Did the overall level of loneliness change over the course of the COVID-19 pandemic?

Bottom Line:

Over the course of the social distancing measures, individuals in this study felt increased support. Additionally, older individuals felt less lonely overall, when compared to their younger counterparts.


Luchetti, M. et al. The Trajectory of Loneliness in Response to COVID-19. Am Psychol (2020). https://doi.org/10.1037/amp0000690

Date Published:

22 June 2020


This study aimed to better understand the development of loneliness in 1,545 American adults throughout the course of social distancing up to this point. They looked at levels of loneliness and perceived support during this time, over the course of three waves of surveys. The researchers found that, over these waves, as time went on, there was a slight but overall decrease in feelings of isolation but an increase in the number of unavailable social connections. To put this in plain words, once social distancing measures were implemented, the participants of this survey did not feel increased isolation, however they did notice a reduction in their number of social contacts, at the beginning. When looking specifically at age, loneliness increased over the first two waves for participants over the age of 65 years, then stabilized for the third wave. This trend was the same for unavailable social connections for both middle-aged and older adults, but was not seen in younger adults. In general, though, older adults felt less lonely overall when compared to individuals who were middle-aged and younger. It is important to note that there were no significant changes, over the waves, in the average level of loneliness. It is also important to note that participants with chronic diseases felt more lonely and reduced support when compared to individuals who did not have chronic disease and/or lived with other people. Overall, this study indicates the importance of support mechanisms for individuals of all ages, especially those who are at higher risk of loneliness and have less social support.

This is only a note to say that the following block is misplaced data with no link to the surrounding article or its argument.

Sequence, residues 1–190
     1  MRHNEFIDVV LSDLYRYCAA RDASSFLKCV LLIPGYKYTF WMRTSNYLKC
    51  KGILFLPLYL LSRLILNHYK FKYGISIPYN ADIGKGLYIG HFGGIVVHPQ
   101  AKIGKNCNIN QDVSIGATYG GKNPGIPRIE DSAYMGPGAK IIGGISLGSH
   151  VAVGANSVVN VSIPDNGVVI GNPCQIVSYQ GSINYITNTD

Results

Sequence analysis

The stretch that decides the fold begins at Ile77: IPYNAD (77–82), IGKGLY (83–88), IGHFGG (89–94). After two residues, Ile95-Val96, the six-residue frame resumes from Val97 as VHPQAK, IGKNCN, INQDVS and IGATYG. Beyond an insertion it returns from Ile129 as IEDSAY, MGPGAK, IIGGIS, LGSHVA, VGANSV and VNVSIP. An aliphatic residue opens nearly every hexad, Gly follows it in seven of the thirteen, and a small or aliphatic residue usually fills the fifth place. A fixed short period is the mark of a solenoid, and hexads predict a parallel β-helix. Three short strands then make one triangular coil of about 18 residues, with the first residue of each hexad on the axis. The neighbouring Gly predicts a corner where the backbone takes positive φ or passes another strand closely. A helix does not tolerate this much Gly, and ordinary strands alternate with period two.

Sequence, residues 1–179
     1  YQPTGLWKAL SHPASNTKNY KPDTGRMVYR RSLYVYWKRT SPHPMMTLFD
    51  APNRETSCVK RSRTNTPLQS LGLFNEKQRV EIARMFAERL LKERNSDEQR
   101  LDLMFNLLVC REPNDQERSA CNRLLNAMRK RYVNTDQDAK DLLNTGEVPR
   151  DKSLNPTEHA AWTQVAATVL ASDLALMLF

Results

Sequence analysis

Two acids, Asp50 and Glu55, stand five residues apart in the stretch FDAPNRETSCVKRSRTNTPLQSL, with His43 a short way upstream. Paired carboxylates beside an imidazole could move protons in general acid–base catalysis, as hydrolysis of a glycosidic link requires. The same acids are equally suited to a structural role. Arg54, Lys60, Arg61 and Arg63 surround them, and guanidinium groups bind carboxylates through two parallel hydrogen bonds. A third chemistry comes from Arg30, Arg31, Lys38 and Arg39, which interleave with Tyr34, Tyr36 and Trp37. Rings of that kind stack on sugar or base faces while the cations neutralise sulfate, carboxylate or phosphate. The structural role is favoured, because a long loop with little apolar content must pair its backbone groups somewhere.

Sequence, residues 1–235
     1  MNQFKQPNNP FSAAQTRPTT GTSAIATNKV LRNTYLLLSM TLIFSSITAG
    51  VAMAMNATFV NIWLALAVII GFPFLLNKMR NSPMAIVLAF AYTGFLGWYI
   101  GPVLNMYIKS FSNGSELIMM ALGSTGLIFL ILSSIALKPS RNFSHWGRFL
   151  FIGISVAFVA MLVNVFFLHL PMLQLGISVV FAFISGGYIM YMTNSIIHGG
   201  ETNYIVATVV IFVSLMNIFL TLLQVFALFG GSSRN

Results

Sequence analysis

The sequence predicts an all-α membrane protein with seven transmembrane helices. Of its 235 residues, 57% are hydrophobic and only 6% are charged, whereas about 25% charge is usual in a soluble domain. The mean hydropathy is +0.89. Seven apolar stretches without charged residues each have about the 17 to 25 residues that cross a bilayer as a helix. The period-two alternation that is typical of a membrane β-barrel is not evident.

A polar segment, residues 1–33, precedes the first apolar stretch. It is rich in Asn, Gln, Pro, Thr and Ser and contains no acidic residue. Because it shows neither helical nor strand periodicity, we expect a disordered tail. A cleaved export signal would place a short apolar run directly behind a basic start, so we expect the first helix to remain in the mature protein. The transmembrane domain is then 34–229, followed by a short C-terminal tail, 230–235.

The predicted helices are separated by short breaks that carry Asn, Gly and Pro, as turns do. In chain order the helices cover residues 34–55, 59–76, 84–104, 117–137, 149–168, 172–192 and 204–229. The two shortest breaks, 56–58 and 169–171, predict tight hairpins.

Summary by: Max Solish